Look for something on Google and it will throw at you a million results. But how do you isolate that one thing that you were actually looking for? We show you how.
1. Use a hyphen followed by the word that you want to eliminate from the results.
More of a minus sign, the “-” syntax lets you skip those results which have the words mentioned after the hyphen.
2. Use quotation marks to look for the exact phrase.
Do you ever look for a quote from Shakespeare and instead get results from websites that deal in cheesy love quotes? Using quotation marks will make your search more organised and show results in which the words appear in the exact order as you typed.
3. Search for a product in a specific price bracket by using “..” between two prices.
If you want to skip out on the hassle of individually looking for products on different websites, use the syntax “..” to save you time and frustration.
4. Use colon followed by the website’s name to get results from a specific website.
5. Use “define:” to ask Google for a definition of a word instead of relevant articles.
The syntax saves you a lot of time, cuts out on all the noise, and serves you with the only thing that matters- the definition of rheumatism… and other words too.
6. Use “OR” in between two search terms to get results for two things at once.
The syntax “OR” will give you results for both the keywords, separately.
7. Use “related:” to look for similar websites.
This amazing syntax will give you related website options so you can work on that assignment without citing only a single website.
Psst, do not Google “related:scoopwhoop.com”. We are the best at what we do.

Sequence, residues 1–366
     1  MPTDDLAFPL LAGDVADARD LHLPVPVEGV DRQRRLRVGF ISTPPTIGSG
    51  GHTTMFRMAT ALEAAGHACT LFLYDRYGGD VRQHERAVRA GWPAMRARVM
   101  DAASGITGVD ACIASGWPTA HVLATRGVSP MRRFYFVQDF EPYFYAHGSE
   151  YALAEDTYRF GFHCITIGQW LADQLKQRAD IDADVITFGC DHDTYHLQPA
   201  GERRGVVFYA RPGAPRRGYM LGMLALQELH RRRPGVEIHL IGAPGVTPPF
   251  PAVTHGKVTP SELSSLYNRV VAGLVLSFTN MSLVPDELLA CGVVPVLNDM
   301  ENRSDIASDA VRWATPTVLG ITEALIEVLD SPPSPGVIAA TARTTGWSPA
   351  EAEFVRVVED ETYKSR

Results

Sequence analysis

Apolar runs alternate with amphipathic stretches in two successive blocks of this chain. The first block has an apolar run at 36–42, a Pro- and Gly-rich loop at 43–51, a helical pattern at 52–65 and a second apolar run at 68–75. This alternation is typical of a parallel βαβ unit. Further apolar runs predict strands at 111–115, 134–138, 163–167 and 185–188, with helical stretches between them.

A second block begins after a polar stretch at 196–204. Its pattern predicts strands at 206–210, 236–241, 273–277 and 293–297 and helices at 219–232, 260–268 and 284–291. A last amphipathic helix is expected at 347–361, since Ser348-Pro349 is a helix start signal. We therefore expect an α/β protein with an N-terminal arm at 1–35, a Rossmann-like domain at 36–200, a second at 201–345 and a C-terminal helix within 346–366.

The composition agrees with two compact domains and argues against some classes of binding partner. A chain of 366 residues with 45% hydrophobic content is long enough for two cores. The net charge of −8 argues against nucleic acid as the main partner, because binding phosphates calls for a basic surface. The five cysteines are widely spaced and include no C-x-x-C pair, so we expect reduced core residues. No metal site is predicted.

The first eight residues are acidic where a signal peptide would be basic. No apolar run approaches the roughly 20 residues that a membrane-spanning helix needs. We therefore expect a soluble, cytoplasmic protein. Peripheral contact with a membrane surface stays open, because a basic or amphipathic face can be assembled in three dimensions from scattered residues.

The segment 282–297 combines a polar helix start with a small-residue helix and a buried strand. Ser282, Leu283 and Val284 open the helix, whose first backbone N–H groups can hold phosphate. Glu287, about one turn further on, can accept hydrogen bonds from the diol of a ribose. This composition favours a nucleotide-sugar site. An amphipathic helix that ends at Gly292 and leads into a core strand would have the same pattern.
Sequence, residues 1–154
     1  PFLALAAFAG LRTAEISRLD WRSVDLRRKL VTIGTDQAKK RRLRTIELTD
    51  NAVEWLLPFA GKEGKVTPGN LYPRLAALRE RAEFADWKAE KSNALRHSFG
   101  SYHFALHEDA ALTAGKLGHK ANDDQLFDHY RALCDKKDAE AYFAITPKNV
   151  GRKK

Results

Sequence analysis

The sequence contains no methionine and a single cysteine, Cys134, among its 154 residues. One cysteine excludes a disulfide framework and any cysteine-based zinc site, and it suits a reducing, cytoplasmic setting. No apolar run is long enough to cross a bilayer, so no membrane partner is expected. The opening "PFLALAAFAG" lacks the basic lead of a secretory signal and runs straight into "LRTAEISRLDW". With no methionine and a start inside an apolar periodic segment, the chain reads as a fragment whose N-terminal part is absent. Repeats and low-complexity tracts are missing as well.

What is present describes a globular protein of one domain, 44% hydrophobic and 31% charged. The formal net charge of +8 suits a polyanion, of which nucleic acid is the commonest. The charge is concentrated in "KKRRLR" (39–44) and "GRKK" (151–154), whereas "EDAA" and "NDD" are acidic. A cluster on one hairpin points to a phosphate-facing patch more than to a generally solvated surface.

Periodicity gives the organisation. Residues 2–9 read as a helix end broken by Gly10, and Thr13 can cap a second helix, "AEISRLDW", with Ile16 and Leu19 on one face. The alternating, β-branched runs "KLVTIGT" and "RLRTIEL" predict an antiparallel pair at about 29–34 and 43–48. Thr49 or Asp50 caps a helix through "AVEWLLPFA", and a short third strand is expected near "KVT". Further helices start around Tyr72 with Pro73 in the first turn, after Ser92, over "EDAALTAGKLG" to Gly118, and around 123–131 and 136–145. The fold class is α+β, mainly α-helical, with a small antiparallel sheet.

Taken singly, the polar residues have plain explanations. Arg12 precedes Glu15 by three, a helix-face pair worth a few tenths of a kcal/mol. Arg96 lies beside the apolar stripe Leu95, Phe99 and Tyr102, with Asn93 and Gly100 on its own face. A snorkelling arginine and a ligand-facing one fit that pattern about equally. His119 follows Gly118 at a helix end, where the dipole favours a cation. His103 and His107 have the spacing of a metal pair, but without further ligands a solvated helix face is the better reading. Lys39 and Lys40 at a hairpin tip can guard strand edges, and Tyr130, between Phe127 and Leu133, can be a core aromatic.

8. “Filetype:” will spring up results that have a specific file in the document.
Whether you are looking for an mp3 or a humongous mkv video file, the syntax will give you results having that particular attachment in the web page.
9. Finetune your results- the location and time, from the ‘Tools’ tab.
Just click on ‘Tools’ once you’ve made a search and lo! There it appears, out of thin air (pixels actually)!
10. Writing the postal code of a location after your keyword will yield results from that particular location.
Alternatively, you can also type in the name of the location.
11. “Intitle:” will yield results that have the keyword mentioned in the title.
12. Use an asterisk in place of words you do not know.
If you forget things and words easily, * will come to your rescue.
13. Look for images of specific colour, size, copyright, time or type.
If you search for Deadpool and tune your result to the colour blue, it will give you images of a blue Deadpool.
14. Compare two or more things using “vs” between the keywords.
If you want to determine whether eating chicken is healthier than fish, “vs” will let you compare the two. The video tab might produce some bizarre results, but you’ll be glad that you clicked on it.